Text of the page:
Your musical approach is so multifaceted, and I’m wondering if you can talk a bit about how all those elements contribute to your musical practice.
It started out with DJing and having an interest in record collecting. Digging around and finding older records. I’m not musically trained or anything, I didn't grow up playing an instrument, so I taught myself how to use Ableton. It just tried it out because friends were encouraging me, and then from there I just fell in love with it. It started taking over my life, in a good way. I was just immersing myself in the scene, meeting DJs and producers in the city and across Canada. I try to keep an open mind about all styles of music and acknowledge that although it may not be something I listen to there will always be techniques, sounds etc. I can take inspiration and learn from.
When did your interest in DJing and record collecting start?
Almost ten years ago I started getting into DJing, and then maybe two years after I got into vinyl and record collecting. At the time I was really into the Vancouver scene, and that was very vinyl-focused. I saw DJs I looked up to playing vinyl so it became something I wanted to learn how to do. Although, I don’t really collect or play vinyl as much anymore. I still very much enjoy it. I was talking to a friend about this the other day. I’m so bad at song titles that when I’m looking through song lists I don’t know what any of the songs are. That’s the thing about vinyl that I liked. I’m more visual, so I know it’s a certain side of the vinyl artwork. If it’s a name, I just forget it.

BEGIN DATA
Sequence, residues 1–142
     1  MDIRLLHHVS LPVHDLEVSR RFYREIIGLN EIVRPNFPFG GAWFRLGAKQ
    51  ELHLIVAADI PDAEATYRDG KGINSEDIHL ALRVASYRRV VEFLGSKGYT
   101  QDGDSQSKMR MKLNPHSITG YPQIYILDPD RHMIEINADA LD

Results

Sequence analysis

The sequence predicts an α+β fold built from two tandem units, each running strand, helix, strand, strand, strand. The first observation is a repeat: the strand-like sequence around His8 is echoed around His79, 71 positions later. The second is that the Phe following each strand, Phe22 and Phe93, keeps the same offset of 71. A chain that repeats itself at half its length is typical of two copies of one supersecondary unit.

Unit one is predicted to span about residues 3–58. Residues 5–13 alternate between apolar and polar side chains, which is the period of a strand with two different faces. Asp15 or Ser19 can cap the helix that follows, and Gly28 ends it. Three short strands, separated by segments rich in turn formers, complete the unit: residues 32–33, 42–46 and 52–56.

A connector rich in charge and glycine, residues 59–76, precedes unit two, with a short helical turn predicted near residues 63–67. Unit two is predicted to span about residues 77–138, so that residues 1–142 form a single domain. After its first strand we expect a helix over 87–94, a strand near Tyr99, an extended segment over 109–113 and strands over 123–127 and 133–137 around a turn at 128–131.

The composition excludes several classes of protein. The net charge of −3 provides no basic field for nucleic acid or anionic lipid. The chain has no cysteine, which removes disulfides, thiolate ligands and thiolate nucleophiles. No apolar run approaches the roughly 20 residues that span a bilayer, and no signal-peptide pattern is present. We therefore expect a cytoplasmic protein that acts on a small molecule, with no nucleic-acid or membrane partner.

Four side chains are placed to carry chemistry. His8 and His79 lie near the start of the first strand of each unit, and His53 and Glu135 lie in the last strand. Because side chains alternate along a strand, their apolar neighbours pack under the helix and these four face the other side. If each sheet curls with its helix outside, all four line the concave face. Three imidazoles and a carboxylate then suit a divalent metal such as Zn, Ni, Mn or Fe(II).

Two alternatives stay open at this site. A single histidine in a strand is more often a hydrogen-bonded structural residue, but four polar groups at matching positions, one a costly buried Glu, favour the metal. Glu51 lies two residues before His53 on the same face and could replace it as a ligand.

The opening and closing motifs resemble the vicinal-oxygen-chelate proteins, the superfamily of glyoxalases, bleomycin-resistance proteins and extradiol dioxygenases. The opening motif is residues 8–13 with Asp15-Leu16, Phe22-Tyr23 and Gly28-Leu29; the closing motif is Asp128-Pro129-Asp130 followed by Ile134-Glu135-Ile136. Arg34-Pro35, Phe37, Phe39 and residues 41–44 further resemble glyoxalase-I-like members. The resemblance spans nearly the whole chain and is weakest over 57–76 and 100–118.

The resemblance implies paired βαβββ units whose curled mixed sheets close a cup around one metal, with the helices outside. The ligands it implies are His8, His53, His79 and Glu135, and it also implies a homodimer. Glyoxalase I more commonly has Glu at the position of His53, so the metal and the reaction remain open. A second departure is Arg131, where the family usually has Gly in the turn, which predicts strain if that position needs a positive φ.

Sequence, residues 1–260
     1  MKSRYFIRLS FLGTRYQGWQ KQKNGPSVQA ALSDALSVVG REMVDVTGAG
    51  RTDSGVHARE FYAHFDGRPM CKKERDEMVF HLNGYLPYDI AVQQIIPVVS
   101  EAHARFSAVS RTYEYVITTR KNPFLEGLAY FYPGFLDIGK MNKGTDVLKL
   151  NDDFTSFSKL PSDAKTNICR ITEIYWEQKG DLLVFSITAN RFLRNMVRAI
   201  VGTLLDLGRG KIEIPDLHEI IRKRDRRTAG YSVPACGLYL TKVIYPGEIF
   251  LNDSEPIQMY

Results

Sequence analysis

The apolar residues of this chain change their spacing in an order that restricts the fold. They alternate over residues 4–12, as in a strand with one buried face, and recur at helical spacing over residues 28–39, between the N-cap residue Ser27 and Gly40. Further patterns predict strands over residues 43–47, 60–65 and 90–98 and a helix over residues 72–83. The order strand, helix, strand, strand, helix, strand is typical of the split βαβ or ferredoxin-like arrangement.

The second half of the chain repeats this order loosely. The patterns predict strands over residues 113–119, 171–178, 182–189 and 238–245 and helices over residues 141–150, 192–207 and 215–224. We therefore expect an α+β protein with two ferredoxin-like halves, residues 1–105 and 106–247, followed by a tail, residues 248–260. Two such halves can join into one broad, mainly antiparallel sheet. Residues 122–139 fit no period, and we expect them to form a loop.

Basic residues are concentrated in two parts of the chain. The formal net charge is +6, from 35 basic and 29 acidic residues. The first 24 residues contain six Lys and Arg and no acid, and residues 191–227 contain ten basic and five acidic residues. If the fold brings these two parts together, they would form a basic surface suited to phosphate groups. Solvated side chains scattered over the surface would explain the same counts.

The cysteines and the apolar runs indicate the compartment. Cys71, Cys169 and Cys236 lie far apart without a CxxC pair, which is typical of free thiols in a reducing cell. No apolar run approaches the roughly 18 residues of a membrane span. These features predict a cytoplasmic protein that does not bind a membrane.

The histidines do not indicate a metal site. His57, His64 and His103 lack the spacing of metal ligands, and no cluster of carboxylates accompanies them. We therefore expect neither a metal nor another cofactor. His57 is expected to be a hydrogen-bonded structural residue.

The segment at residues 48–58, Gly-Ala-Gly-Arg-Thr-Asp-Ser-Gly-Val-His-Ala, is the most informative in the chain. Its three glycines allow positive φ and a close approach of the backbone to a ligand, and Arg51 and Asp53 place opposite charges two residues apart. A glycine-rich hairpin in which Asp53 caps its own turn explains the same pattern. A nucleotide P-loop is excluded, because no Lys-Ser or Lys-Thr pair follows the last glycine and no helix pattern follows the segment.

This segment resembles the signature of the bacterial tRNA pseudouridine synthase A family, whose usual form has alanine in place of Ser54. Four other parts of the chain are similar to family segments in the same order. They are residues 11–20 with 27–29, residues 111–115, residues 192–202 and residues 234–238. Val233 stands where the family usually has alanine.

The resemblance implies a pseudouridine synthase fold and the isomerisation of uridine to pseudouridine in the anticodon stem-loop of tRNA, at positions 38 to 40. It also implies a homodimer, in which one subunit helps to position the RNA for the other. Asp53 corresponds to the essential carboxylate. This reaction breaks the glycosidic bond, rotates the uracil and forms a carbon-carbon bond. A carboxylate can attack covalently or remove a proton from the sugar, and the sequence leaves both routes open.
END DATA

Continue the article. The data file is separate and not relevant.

How did you become familiar with the Vancouver scene? Is that where you’re from?
I’m from Calgary originally, but I have a friend who moved to Vancouver. When I got interested in DJing, I naturally looked to him as a role model.
Did the label and production come at the same time?
Producing came a couple of years before. Circling back to how the label started, the four of us, we all make music as well so I think it was natural to do a compilation where we each had a song. I love all their music, and I’m lucky that they like mine too. So, I guess they went hand-in-hand. Production came earlier and for me it takes a while to hone that craft to a point where I’m comfortable releasing it, but the label is an opportunity and a platform for us to share our music as well, although we don’t want ourselves to be the focus.
What would you say are some of your musical influences or inspirations?